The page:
Chapter of change for Scotland’s red meat industry

Chapter of change for Scotland’s red meat industry

The Scottish red meat industry has been undergoing a period of challenge and change but the signs are very positive for the industry’s long-term outlook, according to Quality Meat Scotland (QMS) Chairman, Jim McLaren.

Speaking at a media briefing on QMS’s planned activities for the year ahead, Mr McLaren observed that while change can be unsettling it also brings opportunity.

“The on-going debate about the future shape of the Common Agriculture Policy remains a source of uncertainty for those who work in our farming industry.

"Our processing sector is enduring margins which are simply unsustainable,” warns QMS chairman, Jim McLaren.

“It is vital that our processors have adequate supplies of livestock to achieve the critical mass our red meat supply chain needs to operate profitably and to ensure we are able to meet the continued increases in demand for quality red meat,” warns QMS chairman, Jim McLaren.

“Our abattoir operators also continue to endure extremely tight margins and consolidation, leaving worryingly little capital for investment.  Notwithstanding the recent reduction in cattle prices, the fact is that current livestock prices and reduced livestock availability mean that operating margins for Scottish processors remain extremely low.

“It is vital that our processors have adequate supplies of livestock to achieve the critical mass our red meat supply chain needs to operate profitably and to ensure we are able to meet the continued increases in demand for quality red meat,” Mr McLaren said.

He said it was imperative that QMS continues to closely monitor, and respond to, consumer purchasing trends. The past 12 months have seen consumers continue to be careful about what they spend their money on and what they deem to be best value.

“Consumers in our target markets are looking for best value red meat with guarantees of integrity and traceability – they expect it to have been reared to a high standard of welfare and to be produced in a natural Scottish environment,” said Mr McLaren.

Mr McLaren said he was pleased to be welcoming four new QMS board members who take their places on the board this month. Prof Phil Thomas, Robert Parker, Andrew Peddie and Gordon McKen all step down and hand over the reins to Prof Julie Fitzpatrick, Sarah Mackie, Philip Sleigh and George Milne.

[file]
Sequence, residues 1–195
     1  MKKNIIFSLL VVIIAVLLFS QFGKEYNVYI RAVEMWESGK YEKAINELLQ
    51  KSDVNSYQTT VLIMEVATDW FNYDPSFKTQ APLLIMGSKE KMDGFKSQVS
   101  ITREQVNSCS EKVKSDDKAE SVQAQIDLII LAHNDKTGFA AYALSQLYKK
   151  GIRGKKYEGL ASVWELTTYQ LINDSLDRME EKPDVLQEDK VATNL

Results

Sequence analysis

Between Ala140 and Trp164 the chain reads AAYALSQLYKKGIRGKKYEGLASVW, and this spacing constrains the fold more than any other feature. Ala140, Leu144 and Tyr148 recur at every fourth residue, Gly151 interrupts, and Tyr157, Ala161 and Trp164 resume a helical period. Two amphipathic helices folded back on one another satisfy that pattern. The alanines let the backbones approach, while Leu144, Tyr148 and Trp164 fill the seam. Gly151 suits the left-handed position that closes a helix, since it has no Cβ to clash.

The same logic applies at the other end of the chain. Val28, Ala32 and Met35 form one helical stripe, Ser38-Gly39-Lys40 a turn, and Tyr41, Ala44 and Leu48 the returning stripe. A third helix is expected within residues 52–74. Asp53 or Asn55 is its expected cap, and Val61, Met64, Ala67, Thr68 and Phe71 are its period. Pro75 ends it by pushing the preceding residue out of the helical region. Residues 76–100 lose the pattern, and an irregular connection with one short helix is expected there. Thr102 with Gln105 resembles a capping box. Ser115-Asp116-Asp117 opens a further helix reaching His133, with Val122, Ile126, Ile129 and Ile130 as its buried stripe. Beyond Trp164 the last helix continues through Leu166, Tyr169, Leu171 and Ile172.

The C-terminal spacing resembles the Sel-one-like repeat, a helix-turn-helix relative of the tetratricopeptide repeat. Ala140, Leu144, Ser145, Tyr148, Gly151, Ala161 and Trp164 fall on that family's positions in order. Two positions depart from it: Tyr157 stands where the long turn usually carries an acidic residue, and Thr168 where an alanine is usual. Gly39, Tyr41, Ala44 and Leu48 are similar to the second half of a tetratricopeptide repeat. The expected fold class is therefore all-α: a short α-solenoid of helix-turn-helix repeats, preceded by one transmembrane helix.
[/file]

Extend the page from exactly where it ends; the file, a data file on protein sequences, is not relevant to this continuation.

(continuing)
“The diversity of the QMS board is one of its key strengths and I look forward to the contributions these new individuals will bring to our industry.

“Another important change for QMS followed a review of the work of the QMS Industry Development team which is now sharply focused on grassroots activity to assist the industry to maximise efficiency and profitability.

“Helping our industry reach a point where there is sufficient profitability in livestock rearing to reverse the prolonged decline in livestock numbers, remains a key priority.”

Mr McLaren said examples of grassroot activities – such as the Planning for Profit, Resilience and Monitor Farm initiatives – were delivering strongly for the industry.

“We have a number of other excellent projects in the pipeline to be launched in the coming months. Key to the success of these activities is the willingness of farmers to share with others how they manage their businesses and we are very grateful to all of those who give up their time to do so.

The renewed focus within the future Scottish Rural Development Programme on knowledge transfer and innovation is, said Mr McLaren, in line with QMS’s focus on practical projects to improve efficiency and bottom line.

’Uel Morton, QMS Chief Executive, said the organisation was in good shape to deliver strongly on behalf of levy-payers.

Mr Morton said he was pleased to note that grant income sourced by the organisation for the year ahead is £1.3m.

However, he warned that income from levy was being eroded by a combination of falling livestock numbers and sheep and pigs being slaughtered south of the border, saying QMS would continue to press the case for the return of this lost levy, amounting to around £1.6 million each year.

Looking in more detail at the organisation’s finances, he said: “Our proposed external spend for the 2014/15 year is £5.6m and this compares with an external spend of £5.8m for 2013/14.

“Putting these figures in context, it is worth remembering that the external spend figure has been fairly consistent having increased from £4.9m in 2009/2010 to £5.8m in 2010/2011, when levy rates last increased, to £6m in 2011/2012 and £5.9m for 2012/2013.”

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